The traditional religious festival of the Immaculate Conception, held every year on the eighth of December would not be complete in Barga without the sound of the bells in the Duomo ringing out over the city for one solid hour the night before on the 7th December – the so called “Doppio dell’Immacolata” and tonight was no exception.
From nine o’clock until the stroke of 10 o’clock the three huge bells at the top of the Duomo tower were kept in motion by a team of bell ringers – the Campanari of Barga.
Always a special occasion, but for one of the bellringers last night it carried more significance than usual as he was celebrating his 50th year of ringing the Doppio dell’Immacolata.
Enrico Cosimini first took hold of the bell rope in 1969. This evening 50 years later he was still there pulling for all he was worth.
Il doppio per l’Immacolata Concezione si tramanda dal 1522 e da quella data vengono suonate a festa le campane per ricordare anche la Madonna del Molino. Noi campanari ci sentiamo onorati di portare addosso una così grande eredità che si tramanda a noi da una lunga storia di campanari la cui memoria travalica i secoli, tanto da sentirci in dovere di ricordarne alcuni come Cecco Buti, Zoppino, Toni di Canipaia, Placido, Cecco Zoppo, Michelotto, Quinto Cecchi del Valeri, Aldo del Fiorello, Bersagliere, Beppe Cosimini, Nello del Covo, Valentino, Pinatta, Cecco Barsotti, Gigi Lucchesi.
A feast called the Conception of Mary arose in the Eastern Church in the seventh century (prior to the Great Schism of 1054). It looked to the West in the eighth century. In the eighth century it became a feast of the Roman Catholic Church. It is the only one of Mary’s feasts that came to the Western Church not by way of Rome, but instead spread from the Byzantine area to Naples, and then to Normandy during their period of dominance over southern Italy. From there it spread into England, France, Germany, and eventually Rome.
Prior to Pope Pius IX’s definition of the Immaculate Conception as Church dogma in 1854, most missals referred to it as the Feast of the Conception of the Blessed Virgin Mary. The festal texts of this period focused more on the action of her conception than on the theological question of her preservation from original sin. A missal published in England in 1806 indicates the same collect for the feast of the Nativity of the Blessed Virgin Mary was used for this feast as well.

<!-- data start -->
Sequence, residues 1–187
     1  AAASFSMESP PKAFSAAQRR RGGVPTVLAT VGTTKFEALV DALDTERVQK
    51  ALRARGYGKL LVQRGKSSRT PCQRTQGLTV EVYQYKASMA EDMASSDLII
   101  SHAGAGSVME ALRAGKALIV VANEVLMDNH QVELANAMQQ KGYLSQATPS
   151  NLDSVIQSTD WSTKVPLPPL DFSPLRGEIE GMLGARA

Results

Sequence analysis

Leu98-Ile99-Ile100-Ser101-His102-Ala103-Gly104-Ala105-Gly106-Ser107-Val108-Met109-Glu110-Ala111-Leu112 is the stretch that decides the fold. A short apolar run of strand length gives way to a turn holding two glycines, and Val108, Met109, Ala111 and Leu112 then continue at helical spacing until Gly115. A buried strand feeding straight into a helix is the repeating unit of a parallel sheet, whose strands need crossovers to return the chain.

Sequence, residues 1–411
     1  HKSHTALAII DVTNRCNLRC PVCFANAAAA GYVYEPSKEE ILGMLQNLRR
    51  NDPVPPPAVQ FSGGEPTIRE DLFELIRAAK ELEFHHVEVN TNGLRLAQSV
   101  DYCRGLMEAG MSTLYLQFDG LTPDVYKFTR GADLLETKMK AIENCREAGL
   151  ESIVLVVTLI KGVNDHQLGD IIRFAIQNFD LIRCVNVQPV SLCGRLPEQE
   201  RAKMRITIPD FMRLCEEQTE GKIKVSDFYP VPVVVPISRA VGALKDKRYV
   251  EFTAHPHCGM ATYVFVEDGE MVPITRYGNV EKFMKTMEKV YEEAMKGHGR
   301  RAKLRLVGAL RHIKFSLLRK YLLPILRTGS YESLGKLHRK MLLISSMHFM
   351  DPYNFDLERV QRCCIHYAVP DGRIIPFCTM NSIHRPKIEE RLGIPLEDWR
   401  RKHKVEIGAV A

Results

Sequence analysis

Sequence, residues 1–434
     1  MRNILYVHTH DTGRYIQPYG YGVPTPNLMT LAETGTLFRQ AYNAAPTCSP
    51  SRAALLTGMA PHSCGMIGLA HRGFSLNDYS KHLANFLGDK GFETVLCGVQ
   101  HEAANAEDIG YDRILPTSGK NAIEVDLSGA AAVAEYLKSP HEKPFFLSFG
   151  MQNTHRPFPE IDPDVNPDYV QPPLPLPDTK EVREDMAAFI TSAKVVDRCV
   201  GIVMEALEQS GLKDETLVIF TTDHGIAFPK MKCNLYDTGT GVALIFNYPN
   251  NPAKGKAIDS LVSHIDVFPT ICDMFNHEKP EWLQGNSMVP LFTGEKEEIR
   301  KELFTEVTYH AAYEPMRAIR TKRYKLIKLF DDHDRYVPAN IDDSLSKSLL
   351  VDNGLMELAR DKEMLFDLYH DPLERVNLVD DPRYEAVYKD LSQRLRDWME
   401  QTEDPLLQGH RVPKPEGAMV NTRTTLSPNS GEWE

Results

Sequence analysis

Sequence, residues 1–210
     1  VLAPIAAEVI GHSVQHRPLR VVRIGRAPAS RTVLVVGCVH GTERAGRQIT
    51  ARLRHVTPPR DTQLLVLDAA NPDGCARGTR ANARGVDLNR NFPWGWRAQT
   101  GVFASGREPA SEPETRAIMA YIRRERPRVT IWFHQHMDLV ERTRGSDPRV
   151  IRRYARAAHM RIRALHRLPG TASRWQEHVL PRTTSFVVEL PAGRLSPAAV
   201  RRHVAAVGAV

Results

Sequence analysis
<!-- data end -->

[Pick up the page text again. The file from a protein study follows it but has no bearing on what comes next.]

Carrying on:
The first move towards describing Mary’s conception as “immaculate” came in the eleventh century. In the fifteenth century Pope Sixtus IV, while promoting the festival, explicitly tolerated those who promoted it as the Immaculate Conception and those who challenged such a description, a position later endorsed by the Council of Trent.
The proper for the feast of the Conception of the Blessed Virgin Mary in the Medieval Sarum Missal, perhaps the most famous in England, merely addresses the action of her conception.
The collect for the feast reads:
O God, mercifully hear the supplication of thy servants who are assembled together on the Conception of the Virgin Mother of God, may at her intercession be delivered by Thee from dangers which beset us.
In 1854, Pius IX made the infallible statement Ineffabilis Deus: “The most Blessed Virgin Mary, in the first instant of her conception, by a singular grace and privilege granted by almighty God, in view of the merits of Jesus Christ, the saviour of the human race, was preserved free from all stain of original sin.” – source
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